Still think video games will rot your brain?
Quite the opposite, say HP and Wieden + Kennedy Shanghai in a colorful, high-tech campaign for the Chinese market that celebrates PC gaming—and the HP Omen gaming computer specifically—as an activity that's not just fun but good for your brain.
W+K offers a few data points as an introduction: Laparoscopic surgeons who are also gamers perform 37 percent fewer errors; gamers can improve memory by 12 percent when gaming 30 minutes every day for two weeks; and action video game players respond approximately 12 percent faster than non-gamer.
Such research helps refute the common belief in China that gaming is a waste of time. And it informs W+K's new campaign, which is themed "Achieve Gamefulness."
The campaign kicked off with an event at ChinaJoy, the annual digital entertainment expo, where HP (working with North Kingdom) presented The Gamewaves Scanner, which monitored gamers' brains as they played—and gave a visual representation of how gaming improves skills like teamwork, focus, mental stamina, responsiveness, memory, and even creativity.
Here's some footage from that event:
"Gaming moves us in amazing ways. So we created an experience at ChinaJoy that celebrates what gaming truly is—a wild and colorful party in your brain with real-world benefits," says Ian Toombs, executive creative director at W+K Shanghai.
Following ChinaJoy, W+K unleashed three 30-second commercials set at the futuristic "Gamer Training Institute," where gamers study under the guidance of "The Masters," a pair of identical twins whose glowing brains have reached the highest levels of enlightenment.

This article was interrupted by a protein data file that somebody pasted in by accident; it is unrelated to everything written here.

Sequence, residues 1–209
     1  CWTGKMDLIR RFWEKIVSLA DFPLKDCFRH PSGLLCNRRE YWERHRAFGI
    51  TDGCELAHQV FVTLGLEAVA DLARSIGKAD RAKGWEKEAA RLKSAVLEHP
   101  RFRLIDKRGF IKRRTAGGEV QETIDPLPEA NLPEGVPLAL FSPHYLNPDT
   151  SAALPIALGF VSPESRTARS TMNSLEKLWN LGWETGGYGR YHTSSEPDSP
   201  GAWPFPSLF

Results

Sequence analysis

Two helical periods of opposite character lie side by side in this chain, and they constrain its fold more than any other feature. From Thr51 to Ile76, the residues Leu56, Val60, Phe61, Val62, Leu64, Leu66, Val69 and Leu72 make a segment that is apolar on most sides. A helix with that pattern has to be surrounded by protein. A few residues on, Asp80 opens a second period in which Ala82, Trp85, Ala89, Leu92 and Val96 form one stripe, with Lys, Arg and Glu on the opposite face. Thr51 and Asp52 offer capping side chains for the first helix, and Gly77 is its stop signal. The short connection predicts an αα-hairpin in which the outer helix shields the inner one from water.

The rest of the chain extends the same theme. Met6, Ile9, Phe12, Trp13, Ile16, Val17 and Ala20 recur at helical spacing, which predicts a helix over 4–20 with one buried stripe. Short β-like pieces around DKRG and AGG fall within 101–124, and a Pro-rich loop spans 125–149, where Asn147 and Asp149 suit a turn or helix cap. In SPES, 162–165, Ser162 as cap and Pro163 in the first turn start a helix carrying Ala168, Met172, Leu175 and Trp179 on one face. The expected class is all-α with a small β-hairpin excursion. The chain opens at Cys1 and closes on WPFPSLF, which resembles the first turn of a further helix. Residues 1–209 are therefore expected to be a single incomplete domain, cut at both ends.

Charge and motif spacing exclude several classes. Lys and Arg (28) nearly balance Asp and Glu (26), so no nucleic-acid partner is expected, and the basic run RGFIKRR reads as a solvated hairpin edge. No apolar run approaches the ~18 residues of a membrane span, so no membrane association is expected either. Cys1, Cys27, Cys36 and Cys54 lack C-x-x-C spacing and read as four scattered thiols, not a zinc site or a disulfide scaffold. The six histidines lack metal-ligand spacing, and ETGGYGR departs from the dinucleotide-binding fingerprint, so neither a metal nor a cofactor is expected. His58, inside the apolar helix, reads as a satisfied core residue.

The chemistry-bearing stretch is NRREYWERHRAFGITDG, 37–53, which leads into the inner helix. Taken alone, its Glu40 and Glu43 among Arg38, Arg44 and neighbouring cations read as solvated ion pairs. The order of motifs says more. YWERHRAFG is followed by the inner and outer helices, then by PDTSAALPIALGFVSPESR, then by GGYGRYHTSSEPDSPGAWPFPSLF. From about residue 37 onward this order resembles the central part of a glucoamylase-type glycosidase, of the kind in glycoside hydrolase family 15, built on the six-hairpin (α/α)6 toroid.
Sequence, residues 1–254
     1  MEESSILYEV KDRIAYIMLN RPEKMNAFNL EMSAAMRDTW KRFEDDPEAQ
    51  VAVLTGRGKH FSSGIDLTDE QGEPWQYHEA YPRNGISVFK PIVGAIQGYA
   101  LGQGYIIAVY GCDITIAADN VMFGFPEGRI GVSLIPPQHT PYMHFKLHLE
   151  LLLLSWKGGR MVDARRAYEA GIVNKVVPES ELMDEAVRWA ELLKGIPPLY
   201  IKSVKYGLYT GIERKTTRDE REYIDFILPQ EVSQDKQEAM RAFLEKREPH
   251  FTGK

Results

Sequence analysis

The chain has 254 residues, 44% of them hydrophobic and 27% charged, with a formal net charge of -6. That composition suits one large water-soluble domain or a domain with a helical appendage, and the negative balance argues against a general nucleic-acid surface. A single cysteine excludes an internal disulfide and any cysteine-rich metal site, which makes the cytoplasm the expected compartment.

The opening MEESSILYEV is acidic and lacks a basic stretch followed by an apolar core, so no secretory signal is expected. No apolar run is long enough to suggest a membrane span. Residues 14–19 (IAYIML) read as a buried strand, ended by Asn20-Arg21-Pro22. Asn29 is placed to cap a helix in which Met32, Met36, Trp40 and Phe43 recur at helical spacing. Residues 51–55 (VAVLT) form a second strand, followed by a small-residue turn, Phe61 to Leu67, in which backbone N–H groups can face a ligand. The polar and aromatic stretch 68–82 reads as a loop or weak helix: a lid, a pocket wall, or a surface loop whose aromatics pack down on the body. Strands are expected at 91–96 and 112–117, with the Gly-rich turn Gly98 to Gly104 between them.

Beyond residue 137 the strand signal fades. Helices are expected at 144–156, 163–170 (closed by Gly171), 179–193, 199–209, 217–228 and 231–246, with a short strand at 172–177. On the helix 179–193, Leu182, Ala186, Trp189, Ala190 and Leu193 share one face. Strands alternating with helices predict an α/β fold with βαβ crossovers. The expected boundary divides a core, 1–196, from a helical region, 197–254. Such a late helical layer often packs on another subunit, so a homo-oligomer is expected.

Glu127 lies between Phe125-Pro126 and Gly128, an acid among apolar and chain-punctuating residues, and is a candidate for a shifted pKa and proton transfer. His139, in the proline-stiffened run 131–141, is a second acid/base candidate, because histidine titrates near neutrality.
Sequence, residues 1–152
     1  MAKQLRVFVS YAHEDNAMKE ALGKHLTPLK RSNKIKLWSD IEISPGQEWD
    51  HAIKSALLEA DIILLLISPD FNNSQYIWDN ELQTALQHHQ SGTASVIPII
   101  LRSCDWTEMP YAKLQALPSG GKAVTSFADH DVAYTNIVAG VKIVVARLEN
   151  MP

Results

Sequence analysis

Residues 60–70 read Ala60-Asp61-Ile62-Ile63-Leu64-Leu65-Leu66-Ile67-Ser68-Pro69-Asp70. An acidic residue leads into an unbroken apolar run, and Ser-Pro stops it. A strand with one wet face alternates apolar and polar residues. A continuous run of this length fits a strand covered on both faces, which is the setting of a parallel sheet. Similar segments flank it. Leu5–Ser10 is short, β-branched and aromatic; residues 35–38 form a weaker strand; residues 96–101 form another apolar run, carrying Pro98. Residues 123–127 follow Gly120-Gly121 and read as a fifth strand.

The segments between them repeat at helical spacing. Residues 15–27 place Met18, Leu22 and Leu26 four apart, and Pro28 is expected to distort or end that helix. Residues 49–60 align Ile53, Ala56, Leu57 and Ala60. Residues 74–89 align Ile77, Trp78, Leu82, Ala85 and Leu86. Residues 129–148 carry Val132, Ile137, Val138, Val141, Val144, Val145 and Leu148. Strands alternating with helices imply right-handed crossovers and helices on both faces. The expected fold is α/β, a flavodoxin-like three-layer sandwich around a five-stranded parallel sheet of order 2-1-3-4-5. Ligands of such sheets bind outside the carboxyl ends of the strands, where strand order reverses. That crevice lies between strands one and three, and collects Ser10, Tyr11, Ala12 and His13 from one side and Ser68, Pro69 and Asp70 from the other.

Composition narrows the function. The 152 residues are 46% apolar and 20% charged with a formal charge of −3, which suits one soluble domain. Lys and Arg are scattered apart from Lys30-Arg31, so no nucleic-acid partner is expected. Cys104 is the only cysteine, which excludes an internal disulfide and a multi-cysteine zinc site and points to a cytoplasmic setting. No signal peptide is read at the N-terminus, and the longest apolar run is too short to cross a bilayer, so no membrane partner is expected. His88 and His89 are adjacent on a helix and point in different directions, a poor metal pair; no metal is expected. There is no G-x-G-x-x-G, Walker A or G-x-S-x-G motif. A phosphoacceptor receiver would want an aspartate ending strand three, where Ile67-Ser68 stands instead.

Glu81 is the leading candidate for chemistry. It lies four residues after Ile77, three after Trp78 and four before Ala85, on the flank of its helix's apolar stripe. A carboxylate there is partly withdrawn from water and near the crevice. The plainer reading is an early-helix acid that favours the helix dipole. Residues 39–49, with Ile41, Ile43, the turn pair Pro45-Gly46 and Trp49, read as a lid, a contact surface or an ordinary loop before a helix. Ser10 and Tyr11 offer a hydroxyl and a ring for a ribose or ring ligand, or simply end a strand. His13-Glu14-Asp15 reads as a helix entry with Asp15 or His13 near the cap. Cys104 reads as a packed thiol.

British directors The Sacred Egg and Hamlet Productions shot the spots.
"This job was an interesting mix of technical challenges. It really had it all: a massive set build, heavy CGI, stunts—a 56 man inverted human tower—60 lights choreographed to music, and celebrity gamers," says Alexander Mavor, one-half of directing duo The Sacred Egg. "We always try to achieve an aesthetic that is unique to each project. This in particular was an amazing opportunity to create a brand universe with its own look, tone, characters and rules. Something that is entirely unique and ownable for Omen and which gamers want to be a part of."
Gaming in general has come a long way from the days of PlayStation "Double Life" and the idea that gamers are misfits. Still, a certain stigma lingers around the effects of gaming on the brain. And while the data in favor of gaming are surely selectively chosen—other research says gaming can fuel addictive tendencies—it's nice to see a campaign crafted around category perception and not just a product pitch.
"In a fast-growing society like China, gaming is seen as a pause from everyday progress. Revealing the benefits of gaming was essential to really celebrate gaming for what it is," says Renee Zhang, head of planning at W+K Shanghai.
"We want to empower gamers to feel proud of who they are and show what their potential can be by putting the magic of their brains on display," adds creative director Tree Chan.